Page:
Thank God for the ‘MSM’
The Russell Brand allegations remind us why scale in media matters. Without being part of the so-called ‘mainstream media’, how else can journalists hold the rich, famous and powerful to account?
In my August The Media Leader column I railed against the hysteria that surrounded the recent-ish media hyping of the Phillip Schofield and Huw Edwards stories and how they are part of a nonsensical ‘culture war’ that some of us (yes, including me) feed off daily but which matters little in the real world.
One month later, we have plunged deeper into the morass.
Yes, this is about Russell Brand and I apologise for throwing yet another log on what is already a raging fire, while knowing that I am in danger of being branded (see what I did there?) a hypocrite for doing so.
But this episode is bigger than anything that has gone before, at least in the UK, so we have to talk about its consequences for our media industry.
Mistaking ‘trial by media’ for ‘investigative journalism’
You will all by now know more than you wanted to about Russell Brand. Until last week I was of course aware of him but I don’t recall ever seeing him in action. I was aware of ‘Sachsgate’ but otherwise had no opinion beyond a vague sense that Brand has reinvented himself as a champion of free speech on the internet, with stream-of-consciousness diatribes about the vaccines and so on. I was indifferent.
The first I knew about the volcano that was about to erupt was clips from Brand himself pre-empting the story on his channels, swiftly followed by others defending him before the allegations even appeared.
Then I read the Sunday Times/Times story and watched Dispatches on Channel 4. It would be hard to conclude that there is no case to answer after an exhaustive investigation, legal scrutiny and risk assessment by the publishers and broadcasters.
Channel 4 is regulated by Ofcom and The Sunday Times has decades of successful investigative journalism to protect, not to mention the avoidance of libel.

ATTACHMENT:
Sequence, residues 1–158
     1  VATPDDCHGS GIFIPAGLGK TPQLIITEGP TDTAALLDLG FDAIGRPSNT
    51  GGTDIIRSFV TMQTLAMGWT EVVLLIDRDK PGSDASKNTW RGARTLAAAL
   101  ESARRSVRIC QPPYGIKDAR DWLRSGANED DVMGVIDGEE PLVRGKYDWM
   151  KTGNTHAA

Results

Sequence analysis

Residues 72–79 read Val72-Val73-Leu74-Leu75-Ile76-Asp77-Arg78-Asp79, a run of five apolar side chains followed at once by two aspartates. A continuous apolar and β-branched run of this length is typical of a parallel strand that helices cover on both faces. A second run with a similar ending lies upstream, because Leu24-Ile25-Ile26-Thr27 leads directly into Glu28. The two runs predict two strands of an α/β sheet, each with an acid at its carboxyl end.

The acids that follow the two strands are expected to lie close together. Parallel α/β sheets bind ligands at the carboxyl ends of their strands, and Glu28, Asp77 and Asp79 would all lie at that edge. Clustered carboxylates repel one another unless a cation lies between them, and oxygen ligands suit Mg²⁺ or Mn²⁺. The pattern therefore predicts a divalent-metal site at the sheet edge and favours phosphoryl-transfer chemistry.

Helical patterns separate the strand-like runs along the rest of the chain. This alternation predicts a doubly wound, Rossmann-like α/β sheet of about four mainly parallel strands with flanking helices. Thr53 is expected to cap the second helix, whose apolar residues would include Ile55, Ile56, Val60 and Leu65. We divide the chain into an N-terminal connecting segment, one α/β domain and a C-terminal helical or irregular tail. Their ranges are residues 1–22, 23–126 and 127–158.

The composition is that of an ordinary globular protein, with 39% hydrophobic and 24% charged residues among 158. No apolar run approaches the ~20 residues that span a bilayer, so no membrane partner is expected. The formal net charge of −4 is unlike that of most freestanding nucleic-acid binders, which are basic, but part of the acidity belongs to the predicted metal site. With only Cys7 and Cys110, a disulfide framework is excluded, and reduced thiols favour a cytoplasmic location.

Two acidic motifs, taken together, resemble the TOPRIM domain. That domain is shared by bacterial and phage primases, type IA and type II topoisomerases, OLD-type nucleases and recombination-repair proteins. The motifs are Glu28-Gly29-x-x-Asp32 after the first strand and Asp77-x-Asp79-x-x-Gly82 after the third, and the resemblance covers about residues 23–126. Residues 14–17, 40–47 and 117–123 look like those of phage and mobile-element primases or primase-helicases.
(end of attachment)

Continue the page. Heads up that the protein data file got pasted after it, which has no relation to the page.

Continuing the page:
Needless to say, Brand’s fellow self-declared ‘champions of free speech’ leapt to his defence, concluding of course that this is an ‘establishment’ take-down of someone who is challenging the normal narrative. Elon Musk chimed in with the perhaps ill-considered view that this was a co-ordinated action to remove a competitor.
Allison Pearson of The Telegraph opined that it is a measure of our cynicism that we automatically assume that there is a hidden agenda behind these accusations, to which the only sensible response is to question the use of the word “our”.
Perhaps the most entertaining theory was that the story was timed to distract from the imposition of a blanket 20mph speed limit in Wales (no, this wasn’t a parody).
Someone on LinkedIn seemed to think that the Brand story is designed to distract us from the fact that noone has been arraigned for being part of Jeffrey Epstein’s coterie of fellow child traffickers. I can’t imagine that these people (usually ‘they’) would want to use a story about sexual exploitation as a smokescreen for, er, sexual exploitation.
The greatest entertainment was provided by GB News’ presenters arguing on-screen about this issue, a candidate for comedy moment of the year (inadvertent category), followed by further hilarity as the spat spilled over onto Twitter over the following days.
The outcry from the usual suspects was entirely predictable but more surprising was the much-touted ‘trial by media’ trope that has taken hold and come from some surprising places.
Gordon Young, writing in The Drum, expressed concerns that this ‘trial by media’ was prejudicing normal legal processes, a view shared elsewhere.
So when did investigative journalism become ‘trial by media’?
A reminder of why we need a ‘mainstream’
The exploits of Harvey Weinstein were first revealed in all their horrible detail by The New York Times and The New Yorker.
Epstein was eventually convicted (for the second time) after the Miami Herald pursued his story. The BBC blew the whistle on Jimmy Savile, but only after his death.